Advertised for sale in The Times of 27 June 1829, may be found: - 'A Freehold and small part Copyhold Estate and Residence at Ewell... A Villa Residence upon about 2 acres and a half of land including paddock, pleasure grounds and gardens delightfully situated at Ewell...the late residence of Samuel Collingridge, Esq., deceased.The house contains 9 bedrooms and 3 dressing rooms, dining parlour 20 feet by 18, drawing room 22 feet by 16, breakfast parlour, and offices of every description; coach-house, stabling and outbuildings... Messrs Collingridge and Potter, solicitors, Coleman Street...'

It appears the premises failed to attract a buyer because before 1850 copyhold Plot 298 had been passed down to Samuel Collingridge, junior (born 7 April 1806, baptised Old Church, St Pancras 15 May 1806) The younger Samuel appears, however, to have died before 1838, intestate, in India as an Ensign. The London Gazette, 23 October 1838, named his 'Kindred in England' as Mrs Sarah Collingridge, the Misses Ann & Sarah Olive Collingridge, and Augustus & Charles Collingridge.

Cloudesley S Willis, in A Short History of Ewell and Nonsuch, mentions that 'About 1840 there were several old trees growing outside the house..' but, uncharacteristically, offers no description of it.

The Northey Papers contain two draft releases by way of enfranchisement, 12 June 1847, related to copyhold land 'on which formerly stood a customary messuage or tenement which was long since pulled down by one Henry Kitchen and all so much part and so much of all the capital messuage or tenement coach house, offices and stables built by the said Henry Kitchen deceased on all or part of the said customary land... now in the occupation of the said Sarah Collingridge'. Parties to the release were Edward Northey (as lord of the manors of Ewell and Cuddington), Charles Collingridge of Basinghall Street and Sarah Collingridge, Samuel's widow. Charles was joined to the deed 'to obviate any doubt whether the said estate passed by the said will', being the heir at law of Samuel Collingridge, the younger, then deceased..... [who] died after the demise of... Samuel Collingridge [senior], intestate and unmarried'. [SHC 2238/57/23. Releases of manorial property, 1847, with Samuel Collingridge's will, 1827].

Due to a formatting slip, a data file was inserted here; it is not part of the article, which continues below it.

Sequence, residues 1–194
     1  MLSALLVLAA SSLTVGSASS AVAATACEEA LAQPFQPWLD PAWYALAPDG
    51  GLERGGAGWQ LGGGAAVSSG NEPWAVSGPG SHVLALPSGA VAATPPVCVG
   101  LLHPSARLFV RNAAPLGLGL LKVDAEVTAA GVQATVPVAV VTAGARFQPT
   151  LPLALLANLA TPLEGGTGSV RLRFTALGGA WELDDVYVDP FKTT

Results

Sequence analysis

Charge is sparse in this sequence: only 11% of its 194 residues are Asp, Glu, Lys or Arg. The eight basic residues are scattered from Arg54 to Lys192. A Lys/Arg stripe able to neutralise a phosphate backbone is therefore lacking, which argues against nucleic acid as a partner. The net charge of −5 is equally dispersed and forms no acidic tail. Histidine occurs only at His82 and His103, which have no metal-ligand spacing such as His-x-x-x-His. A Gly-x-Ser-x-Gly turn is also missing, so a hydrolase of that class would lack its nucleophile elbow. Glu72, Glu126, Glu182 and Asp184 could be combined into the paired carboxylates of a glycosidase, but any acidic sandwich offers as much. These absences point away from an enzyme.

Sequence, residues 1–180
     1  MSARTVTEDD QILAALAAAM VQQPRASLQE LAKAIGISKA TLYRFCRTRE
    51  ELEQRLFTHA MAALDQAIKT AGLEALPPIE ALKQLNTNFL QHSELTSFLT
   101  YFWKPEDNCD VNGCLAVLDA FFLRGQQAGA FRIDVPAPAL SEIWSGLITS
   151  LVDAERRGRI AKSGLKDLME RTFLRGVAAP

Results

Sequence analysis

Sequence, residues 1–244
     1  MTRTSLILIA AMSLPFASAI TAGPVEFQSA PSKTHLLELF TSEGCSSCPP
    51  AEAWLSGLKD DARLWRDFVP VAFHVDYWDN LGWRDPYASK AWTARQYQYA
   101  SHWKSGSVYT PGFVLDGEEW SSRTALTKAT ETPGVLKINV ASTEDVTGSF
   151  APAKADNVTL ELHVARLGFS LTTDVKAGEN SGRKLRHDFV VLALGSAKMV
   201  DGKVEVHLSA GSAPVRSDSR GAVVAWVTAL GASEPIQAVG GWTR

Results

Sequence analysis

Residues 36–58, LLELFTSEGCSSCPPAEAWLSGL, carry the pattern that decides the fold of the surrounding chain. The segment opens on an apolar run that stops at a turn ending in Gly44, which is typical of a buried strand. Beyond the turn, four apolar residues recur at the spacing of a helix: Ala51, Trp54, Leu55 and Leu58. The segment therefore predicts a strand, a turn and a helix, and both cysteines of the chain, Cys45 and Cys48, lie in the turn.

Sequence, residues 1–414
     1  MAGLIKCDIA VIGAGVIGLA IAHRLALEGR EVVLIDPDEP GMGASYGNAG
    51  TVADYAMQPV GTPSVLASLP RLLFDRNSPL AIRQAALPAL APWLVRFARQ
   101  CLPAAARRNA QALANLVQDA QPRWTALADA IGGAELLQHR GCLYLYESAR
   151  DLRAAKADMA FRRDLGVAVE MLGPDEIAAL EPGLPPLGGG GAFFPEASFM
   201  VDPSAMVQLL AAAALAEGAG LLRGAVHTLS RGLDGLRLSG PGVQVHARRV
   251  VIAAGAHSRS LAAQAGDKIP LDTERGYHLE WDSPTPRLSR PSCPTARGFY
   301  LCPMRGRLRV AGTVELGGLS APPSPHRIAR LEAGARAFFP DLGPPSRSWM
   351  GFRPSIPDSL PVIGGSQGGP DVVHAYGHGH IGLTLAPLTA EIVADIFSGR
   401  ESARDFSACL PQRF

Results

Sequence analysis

The 'kindred' mentioned above can be identified as the younger Samuel's Mother and siblings. Augustus Collingbridge became notorious as a serial fraudster - Reports from Committees of the House of Commons,1853 [http://books.google.co.uk/books]. In evidence during the case of Cullen v Busher, reported in The Times of 12 December 1845, Charles Collingridge introduced himself as a solicitor in the City before deposing that his brother Captain Augustus Collingridge [a master mariner] had been 'brought up in the India service': the latter had gone to prison in November 1843 and 'since taken the benefit of the Insolvent Act'.

A later partnership between G W K Potter and Charles Collingridge came to be dissolved in 1850. Ironically, by March 1851 Charles had been committed to a debtors' prison before being declared insolvent. (Having been reduced to working as a solicitor's clerk, he died, aged 52, on 12 August 1861.)

The death of Sarah, relict of Samuel Collingridge, occurred at 27 South Street, Thurloe Square, during 1853. By that date the churchyard of St Andrew's Holborn had been closed and she was interred in plot M/168/46 at Brompton Cemetery [later to be joined there by other members of her family].

The family home in Ewell, mentioned earlier, appears unnamed on the 1866 edition of the Ordnance Survey Map, as coloured red in the following extract.